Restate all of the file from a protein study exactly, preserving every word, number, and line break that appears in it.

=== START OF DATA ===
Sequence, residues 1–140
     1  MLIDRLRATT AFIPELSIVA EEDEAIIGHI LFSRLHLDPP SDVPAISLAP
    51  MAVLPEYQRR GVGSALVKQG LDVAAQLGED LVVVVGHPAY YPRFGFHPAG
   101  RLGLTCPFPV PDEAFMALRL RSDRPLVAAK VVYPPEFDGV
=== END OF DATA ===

Sequence, residues 1–140
     1  MLIDRLRATT AFIPELSIVA EEDEAIIGHI LFSRLHLDPP SDVPAISLAP
    51  MAVLPEYQRR GVGSALVKQG LDVAAQLGED LVVVVGHPAY YPRFGFHPAG
   101  RLGLTCPFPV PDEAFMALRL RSDRPLVAAK VVYPPEFDGV